If your job application is rejected because the employer is prejudiced against women or members of the LGBT community, you are within your rights to sue them.
New Jersey is an ‘at-will’ state, which means that an employer has considerable freedom when it comes to firing someone. An employer can fire anyone at any moment, with or without a reason. However, they are not allowed to fire an employee based on protected characteristics as defined under the law as this would constitute wrongful termination. If you think you have a case of wrongful termination, you should consider talking to an experienced New Jersey employment lawyer to see what are your legal options.
How are protected characteristics defined in New Jersey?
Public and private employees in New Jersey are doubly protected against workplace discrimination under state and federal laws.
Title VII of the 1964 Civil Rights Act prohibits discrimination based on race, color, sex, religion, or national origin. Age, pregnancy, childbirth and mental or physical disability are also protected characteristics under federal law.
The New Jersey Law Against Discrimination goes much further adding numerous other protected classes. Thus, it it illegal for New Jersey employers to discriminate against employees based on ancestry, familial status, affectional or sexual orientation, gender identity or expression, genetic information, liability for military service, AIDS or HIV status, etc.
Just as an employer cannot fire a woman for being pregnant, they cannot pay less or persecute in any way an employee on their real or perceived sexual orientation or skin color. Yet, such situations are much more common than you’d think and if you want to do something about it you should contact a good employment lawyer in Newark, NJ.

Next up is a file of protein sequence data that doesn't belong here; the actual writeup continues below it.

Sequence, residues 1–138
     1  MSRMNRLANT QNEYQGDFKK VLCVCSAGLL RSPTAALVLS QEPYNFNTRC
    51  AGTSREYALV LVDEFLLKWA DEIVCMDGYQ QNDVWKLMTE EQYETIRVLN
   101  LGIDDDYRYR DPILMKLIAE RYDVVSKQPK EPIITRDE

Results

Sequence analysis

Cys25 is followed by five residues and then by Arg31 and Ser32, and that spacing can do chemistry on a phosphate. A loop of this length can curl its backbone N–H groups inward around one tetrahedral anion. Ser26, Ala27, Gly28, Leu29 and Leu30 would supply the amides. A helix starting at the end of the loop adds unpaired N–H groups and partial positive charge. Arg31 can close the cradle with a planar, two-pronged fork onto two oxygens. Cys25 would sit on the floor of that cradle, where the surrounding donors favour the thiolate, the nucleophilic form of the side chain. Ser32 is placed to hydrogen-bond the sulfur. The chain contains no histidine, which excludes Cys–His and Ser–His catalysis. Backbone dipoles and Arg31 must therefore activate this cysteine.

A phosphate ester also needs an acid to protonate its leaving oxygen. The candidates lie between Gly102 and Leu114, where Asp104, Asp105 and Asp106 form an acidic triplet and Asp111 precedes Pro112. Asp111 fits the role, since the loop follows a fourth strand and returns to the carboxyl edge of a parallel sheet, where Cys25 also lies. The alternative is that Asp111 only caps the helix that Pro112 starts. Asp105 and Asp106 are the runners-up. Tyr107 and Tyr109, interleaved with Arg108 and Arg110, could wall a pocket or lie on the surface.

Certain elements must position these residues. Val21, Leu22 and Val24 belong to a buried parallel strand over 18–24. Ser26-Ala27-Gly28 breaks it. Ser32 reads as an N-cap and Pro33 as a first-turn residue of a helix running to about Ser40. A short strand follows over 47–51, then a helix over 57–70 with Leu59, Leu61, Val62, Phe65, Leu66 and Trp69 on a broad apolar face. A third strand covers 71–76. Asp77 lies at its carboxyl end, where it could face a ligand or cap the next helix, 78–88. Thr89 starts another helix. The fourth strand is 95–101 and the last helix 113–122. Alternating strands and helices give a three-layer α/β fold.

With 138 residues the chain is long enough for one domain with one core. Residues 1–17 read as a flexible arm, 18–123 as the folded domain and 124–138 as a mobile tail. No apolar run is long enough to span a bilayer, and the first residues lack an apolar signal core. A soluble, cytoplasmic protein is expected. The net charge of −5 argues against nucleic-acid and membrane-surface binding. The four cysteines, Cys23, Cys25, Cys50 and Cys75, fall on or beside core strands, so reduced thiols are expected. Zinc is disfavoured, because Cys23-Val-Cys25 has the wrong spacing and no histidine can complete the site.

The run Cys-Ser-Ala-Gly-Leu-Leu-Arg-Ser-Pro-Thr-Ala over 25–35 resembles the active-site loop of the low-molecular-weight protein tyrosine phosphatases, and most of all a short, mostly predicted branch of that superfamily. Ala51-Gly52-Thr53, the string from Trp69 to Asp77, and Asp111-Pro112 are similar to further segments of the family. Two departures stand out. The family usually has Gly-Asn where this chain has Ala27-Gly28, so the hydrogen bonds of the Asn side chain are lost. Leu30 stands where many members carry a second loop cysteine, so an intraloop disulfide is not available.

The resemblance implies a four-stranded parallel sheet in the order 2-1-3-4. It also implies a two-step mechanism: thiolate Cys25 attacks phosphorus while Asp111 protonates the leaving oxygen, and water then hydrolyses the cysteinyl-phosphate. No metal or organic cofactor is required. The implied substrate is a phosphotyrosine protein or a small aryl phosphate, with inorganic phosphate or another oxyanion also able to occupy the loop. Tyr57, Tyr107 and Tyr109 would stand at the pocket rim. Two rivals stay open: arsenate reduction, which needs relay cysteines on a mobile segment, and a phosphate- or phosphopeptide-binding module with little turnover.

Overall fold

The law also protects the rights of those seeking employment. If your job application is rejected because the employer is prejudiced against women or members of the LGBT community, you are within your rights to sue them.
What is the law on sexual harassment in New Jersey?
Even if it is not mentioned as such, sexual harassment is illegal in New Jersey and is considered a form of sex-based discrimination. Although most of the victims of sexual harassment are women, men can also be harassed, and the law also prohibits same-sex harassment as well.
A seasoned New Jersey sexual harassment lawyer can help you fight back, but you need to know exactly what are the steps you must follow.
How do you deal with sexual harassment in New Jersey?
First of all, you need to make it clear you find the behavior of your harasser offensive. In other words, just say No. If that doesn’t deter them, you will have to file an internal complaint with the HR, your direct supervisor or employer. Under New Jersey law, the employer is obligated to investigate your complaint and take appropriate measures to put an end to your harassment.
Often enough, nothing happens and your lawyer will help you file a complaint with the NJ Division on Civil Rights or the federal Equal Employment Opportunity Commission. These organizations will conduct their own investigation and try to negotiate a settlement between you and your employer. If that is not possible, you may be issued a notice to sue allowing you to take your employer to court.